I've been playing with a few technical signal chain things. Seems to make a big difference in sound.
1) Much of the sound of an e-piano was in the amp and speakers. The EP sound coming from the built-in Yamaha speakers just don't convince me there is a real EP and amp in the room.
Just recently IK Multimedia released a free version of Amplitube. It is a pretty good software simulation of a guitar amp and speaker. This software runs as both stand alone and as a "plug-in" on both Windows and Mac.
Turns out you can run either a physical DP or a software virtual instrument through Amplitube and, I think it "nails" the sound. I listen to the sound of a Yamaha DP on my studio monitors and it sounds like it is playing through a Fender Bassman and I can even dial in a bit of spring reverb or tube overdrive sound
Good news is the zero cost. IK gives you the basic software which is "good enough" but they have a system where you can buy extra features for $5 to $20. They hope to make money that way. It might work, I've already given them $15.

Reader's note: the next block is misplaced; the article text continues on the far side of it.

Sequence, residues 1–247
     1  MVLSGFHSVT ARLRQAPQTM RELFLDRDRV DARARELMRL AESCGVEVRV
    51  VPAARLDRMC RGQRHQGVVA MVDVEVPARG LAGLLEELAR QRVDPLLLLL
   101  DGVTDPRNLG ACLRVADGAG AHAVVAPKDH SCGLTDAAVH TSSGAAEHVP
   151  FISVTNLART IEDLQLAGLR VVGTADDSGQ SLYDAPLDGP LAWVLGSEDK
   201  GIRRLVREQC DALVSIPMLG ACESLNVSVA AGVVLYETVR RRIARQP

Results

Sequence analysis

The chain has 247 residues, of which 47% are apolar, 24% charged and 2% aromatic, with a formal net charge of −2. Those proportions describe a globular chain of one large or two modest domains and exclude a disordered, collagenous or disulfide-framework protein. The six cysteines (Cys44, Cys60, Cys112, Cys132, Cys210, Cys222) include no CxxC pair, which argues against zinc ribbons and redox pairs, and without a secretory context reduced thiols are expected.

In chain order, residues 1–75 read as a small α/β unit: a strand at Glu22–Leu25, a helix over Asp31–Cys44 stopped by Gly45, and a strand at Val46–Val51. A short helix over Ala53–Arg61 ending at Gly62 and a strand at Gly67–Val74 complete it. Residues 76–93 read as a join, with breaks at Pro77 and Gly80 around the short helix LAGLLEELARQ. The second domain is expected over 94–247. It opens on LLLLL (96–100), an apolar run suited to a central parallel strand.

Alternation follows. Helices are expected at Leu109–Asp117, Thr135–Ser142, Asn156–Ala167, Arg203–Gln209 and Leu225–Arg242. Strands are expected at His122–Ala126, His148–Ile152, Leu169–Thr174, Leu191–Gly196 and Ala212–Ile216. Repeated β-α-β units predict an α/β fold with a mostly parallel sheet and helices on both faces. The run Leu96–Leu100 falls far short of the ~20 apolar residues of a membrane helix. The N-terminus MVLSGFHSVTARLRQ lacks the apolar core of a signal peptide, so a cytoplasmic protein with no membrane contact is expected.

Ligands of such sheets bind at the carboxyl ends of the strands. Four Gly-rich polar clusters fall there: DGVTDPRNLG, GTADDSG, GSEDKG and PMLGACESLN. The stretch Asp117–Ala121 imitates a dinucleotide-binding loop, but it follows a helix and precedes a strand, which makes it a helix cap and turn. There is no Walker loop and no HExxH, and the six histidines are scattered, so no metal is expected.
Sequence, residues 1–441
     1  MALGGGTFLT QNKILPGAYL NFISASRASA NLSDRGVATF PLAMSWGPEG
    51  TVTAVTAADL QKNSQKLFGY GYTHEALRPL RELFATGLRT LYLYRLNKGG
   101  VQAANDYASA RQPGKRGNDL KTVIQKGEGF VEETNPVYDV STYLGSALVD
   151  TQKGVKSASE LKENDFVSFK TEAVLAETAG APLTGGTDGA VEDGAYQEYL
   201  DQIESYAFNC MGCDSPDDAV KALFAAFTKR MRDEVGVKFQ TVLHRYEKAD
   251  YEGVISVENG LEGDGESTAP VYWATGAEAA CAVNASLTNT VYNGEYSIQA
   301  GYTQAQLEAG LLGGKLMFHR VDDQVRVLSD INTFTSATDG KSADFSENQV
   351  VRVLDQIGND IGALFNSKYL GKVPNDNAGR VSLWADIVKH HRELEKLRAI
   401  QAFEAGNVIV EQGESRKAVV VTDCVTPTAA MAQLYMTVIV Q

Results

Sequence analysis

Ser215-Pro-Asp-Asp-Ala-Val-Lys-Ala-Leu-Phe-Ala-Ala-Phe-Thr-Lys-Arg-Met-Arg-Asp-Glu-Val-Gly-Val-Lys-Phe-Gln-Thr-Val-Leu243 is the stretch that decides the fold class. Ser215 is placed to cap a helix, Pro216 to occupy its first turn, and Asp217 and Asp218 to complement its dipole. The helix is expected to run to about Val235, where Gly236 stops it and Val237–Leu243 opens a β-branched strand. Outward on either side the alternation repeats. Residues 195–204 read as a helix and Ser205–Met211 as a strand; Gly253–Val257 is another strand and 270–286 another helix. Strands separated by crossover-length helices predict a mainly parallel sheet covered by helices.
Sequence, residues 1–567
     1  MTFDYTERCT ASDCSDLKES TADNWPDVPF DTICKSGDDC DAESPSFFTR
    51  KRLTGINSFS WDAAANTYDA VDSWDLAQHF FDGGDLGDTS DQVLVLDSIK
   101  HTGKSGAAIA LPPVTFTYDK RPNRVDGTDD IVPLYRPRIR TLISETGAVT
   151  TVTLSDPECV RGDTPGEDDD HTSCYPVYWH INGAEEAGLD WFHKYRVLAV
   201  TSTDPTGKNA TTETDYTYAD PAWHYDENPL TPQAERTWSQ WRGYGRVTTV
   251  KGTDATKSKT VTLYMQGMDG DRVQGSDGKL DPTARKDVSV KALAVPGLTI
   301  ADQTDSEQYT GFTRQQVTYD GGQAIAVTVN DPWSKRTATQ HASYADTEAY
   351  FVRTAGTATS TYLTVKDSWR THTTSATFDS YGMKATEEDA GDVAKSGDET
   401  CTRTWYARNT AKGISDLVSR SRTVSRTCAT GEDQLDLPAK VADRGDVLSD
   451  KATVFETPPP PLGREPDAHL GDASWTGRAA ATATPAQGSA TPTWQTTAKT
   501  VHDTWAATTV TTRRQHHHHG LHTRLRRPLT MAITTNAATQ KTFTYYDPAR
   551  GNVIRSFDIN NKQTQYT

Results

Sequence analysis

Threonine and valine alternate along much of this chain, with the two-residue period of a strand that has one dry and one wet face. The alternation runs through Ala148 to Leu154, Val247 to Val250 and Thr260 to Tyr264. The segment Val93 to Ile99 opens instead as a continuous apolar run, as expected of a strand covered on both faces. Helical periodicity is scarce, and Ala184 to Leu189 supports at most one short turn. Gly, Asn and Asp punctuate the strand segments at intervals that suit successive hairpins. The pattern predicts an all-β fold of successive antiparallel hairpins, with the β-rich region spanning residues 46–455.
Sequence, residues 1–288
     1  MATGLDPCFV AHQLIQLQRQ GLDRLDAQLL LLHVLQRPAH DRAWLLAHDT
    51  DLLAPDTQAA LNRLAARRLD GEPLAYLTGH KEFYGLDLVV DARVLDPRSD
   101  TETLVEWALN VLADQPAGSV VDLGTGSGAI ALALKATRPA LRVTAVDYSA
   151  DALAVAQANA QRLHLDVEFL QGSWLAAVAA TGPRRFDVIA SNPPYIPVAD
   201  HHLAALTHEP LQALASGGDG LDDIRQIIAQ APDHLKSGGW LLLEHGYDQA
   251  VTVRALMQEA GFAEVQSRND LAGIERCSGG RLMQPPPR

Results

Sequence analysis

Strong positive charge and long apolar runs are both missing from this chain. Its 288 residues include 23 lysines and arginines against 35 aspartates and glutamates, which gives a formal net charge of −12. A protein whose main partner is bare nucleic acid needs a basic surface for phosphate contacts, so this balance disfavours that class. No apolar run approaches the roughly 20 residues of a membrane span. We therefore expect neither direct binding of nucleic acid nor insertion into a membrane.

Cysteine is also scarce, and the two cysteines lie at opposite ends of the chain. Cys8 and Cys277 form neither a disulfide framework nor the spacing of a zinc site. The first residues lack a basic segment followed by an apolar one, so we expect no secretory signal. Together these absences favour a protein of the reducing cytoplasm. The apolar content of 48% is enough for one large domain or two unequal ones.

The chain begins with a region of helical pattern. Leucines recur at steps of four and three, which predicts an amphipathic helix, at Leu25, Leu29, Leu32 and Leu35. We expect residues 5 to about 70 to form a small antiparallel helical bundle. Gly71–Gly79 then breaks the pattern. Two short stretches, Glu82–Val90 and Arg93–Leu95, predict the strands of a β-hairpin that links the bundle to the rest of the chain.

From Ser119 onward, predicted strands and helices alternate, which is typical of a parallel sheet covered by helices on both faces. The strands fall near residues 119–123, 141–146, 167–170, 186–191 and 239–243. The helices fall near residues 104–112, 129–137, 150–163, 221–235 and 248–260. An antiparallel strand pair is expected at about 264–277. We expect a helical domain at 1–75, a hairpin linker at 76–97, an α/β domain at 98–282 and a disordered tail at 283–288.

It works as a plug-in too. I can use a MIDI connection to play a software EP and then route the sound to the Amplitube plug-in and then to the monitors. Aplitube has a few nice effects too, like stereo chorus and stereo reverb as well as Emulated studio effects like compressors and so on. So you can really shape the sound of an EP. The simulation is ultra detailed, uses a physical model of each vacuum tube and other parts.
I think the weak point of most EPs is the amp/speaker simulation. Aplitube gets this part dead on right even annoying details like tube "hiss" and reverb spring crashes. The software was designed for guitar players but works well for EPs too.
2) second thing: impulse response (IR) based reverbs are designed to reproduce the sound of a space like a concert hall or even a shower stall. but it turns out they can also do thinks like model the sound of a grand piano's wooden case and lid and the wood stage floor. I've just found out that the tools to experiment with this are free/cheap and I've already got most of what I need. Likely many of you do too. To record your own custom IRs you need a monitor speaker and a microphone, something many people have already.